"Opening of the Mouth" vessel of Perneb
- Old Kingdom
- Dynasty 5
- reign of Isesi–Unis
- ca. 2381–2323 B.C.
- From Egypt, Memphite Region, Saqqara, Tomb of Perneb, MMA excavations, 1913–14
- Travertine (Egyptian alabaster)
- H: 8.4 cm (3 5/16 in.)
- Credit Line:
- Gift of Edward S. Harkness, 1914
- Accession Number:
An essential rite performed during the funeral ceremonies was the "Opening of the Mouth." Thought to have evoked the rituals carried out at the birth of a child, this served to restore the senses of the newly deceased (resident in spirit within the mummified body or a statue), so that he or she could once again breathe, speak, eat, drink, see, and hear.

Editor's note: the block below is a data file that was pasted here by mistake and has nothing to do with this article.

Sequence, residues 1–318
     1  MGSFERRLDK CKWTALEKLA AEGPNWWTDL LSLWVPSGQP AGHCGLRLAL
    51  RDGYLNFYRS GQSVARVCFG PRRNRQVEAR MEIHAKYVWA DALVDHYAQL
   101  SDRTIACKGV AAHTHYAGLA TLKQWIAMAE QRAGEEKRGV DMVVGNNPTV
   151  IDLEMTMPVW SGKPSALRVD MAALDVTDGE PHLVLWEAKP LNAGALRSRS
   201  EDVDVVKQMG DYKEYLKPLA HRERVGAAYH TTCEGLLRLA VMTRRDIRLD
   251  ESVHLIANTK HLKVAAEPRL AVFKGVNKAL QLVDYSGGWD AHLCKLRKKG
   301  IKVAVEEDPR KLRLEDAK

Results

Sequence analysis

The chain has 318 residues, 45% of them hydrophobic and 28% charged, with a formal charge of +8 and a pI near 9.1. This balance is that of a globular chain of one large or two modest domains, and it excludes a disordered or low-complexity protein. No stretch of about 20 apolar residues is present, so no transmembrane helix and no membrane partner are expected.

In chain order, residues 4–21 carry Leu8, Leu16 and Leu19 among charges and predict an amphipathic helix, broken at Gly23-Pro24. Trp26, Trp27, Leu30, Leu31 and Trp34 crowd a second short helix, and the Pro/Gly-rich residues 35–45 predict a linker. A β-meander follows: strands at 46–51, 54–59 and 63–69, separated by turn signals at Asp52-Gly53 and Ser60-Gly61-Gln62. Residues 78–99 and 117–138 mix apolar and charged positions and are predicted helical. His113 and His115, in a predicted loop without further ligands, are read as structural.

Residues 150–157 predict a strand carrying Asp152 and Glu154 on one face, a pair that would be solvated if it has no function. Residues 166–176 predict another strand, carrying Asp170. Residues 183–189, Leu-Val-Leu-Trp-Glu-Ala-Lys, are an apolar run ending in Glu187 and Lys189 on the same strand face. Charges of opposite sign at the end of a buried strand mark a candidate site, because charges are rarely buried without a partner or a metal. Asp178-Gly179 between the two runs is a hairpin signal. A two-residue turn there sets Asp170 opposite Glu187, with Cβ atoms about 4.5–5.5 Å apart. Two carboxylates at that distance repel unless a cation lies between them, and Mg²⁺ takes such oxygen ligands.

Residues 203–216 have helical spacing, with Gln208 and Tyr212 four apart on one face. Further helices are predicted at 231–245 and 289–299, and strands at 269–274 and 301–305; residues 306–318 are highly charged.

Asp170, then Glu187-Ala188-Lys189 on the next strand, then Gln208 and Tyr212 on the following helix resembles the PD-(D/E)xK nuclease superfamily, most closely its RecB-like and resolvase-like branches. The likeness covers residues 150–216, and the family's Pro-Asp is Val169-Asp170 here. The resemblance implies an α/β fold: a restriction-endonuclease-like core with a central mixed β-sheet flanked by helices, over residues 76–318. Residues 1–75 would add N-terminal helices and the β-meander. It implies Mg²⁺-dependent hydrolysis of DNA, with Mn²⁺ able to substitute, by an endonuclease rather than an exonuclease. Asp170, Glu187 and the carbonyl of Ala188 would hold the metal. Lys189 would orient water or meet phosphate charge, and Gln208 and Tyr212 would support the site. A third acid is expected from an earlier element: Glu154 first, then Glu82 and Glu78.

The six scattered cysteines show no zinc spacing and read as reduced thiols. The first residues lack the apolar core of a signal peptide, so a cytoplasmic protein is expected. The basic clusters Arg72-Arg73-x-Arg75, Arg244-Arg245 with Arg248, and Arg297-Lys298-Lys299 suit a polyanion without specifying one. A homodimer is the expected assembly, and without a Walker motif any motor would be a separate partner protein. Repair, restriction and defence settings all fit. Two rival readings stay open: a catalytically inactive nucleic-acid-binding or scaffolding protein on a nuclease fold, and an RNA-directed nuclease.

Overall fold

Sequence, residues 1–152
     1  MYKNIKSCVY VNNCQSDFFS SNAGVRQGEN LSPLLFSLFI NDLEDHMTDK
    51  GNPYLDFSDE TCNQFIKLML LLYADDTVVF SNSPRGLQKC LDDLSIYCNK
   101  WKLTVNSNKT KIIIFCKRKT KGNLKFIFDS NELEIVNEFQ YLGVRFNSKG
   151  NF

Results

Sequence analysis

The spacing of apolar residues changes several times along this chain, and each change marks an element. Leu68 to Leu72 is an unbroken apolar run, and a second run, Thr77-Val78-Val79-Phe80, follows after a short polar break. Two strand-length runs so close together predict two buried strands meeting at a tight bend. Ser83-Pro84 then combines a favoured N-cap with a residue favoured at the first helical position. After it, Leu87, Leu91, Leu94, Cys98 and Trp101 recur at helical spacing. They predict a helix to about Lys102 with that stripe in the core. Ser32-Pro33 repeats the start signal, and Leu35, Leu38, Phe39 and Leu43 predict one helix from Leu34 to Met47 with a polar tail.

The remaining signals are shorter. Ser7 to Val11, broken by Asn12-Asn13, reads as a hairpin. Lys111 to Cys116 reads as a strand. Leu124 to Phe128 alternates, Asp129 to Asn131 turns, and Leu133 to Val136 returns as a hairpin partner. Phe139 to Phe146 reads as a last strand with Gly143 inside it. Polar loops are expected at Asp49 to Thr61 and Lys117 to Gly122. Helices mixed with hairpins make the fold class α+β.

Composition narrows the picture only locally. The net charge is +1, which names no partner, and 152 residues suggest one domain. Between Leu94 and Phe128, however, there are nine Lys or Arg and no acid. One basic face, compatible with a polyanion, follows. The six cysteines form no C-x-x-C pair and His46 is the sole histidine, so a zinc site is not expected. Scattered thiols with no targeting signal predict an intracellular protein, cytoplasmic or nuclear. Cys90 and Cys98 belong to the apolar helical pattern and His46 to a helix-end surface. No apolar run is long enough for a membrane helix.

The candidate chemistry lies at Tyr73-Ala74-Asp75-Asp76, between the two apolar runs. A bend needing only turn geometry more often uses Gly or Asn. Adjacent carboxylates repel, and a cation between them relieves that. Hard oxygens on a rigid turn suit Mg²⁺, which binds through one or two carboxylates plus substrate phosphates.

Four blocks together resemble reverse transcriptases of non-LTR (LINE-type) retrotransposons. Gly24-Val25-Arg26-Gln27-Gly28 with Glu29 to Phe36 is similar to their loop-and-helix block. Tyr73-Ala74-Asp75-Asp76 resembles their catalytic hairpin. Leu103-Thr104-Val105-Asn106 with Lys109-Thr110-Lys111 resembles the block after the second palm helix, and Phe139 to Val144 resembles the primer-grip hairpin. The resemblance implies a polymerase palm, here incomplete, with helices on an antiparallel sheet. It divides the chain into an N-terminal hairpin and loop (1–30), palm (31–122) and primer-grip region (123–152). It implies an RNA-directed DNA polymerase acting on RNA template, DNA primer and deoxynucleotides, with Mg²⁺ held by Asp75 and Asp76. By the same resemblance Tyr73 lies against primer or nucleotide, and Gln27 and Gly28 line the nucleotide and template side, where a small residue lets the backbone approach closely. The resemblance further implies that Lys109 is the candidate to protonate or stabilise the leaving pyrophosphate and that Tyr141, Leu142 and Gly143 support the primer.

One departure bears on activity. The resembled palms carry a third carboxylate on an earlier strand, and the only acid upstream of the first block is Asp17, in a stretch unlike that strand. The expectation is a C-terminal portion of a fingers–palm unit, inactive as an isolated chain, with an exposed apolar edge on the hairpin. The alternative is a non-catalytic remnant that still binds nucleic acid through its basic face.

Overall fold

This vessel is part of a set used for this ceremony. It would have held milk, or salt or fresh water (see also 14.7.92; 14.7.93; and 14.7.94).
For a complete set of implements for this ritual, see 07.228.117a-h.
From Saqqara, purchased from the Egyptian government, 1914.
Lythgoe, Albert M. and Caroline Ransom 1916. The Tomb of Perneb. New York: The Metropolitan Museum of Art, p. 33, fig. 22.
Hayes, William C. 1953. Scepter of Egypt I: A Background for the Study of the Egyptian Antiquities in The Metropolitan Museum of Art: From the Earliest Times to the End of the Middle Kingdom. Cambridge, Mass.: The Metropolitan Museum of Art, p. 118.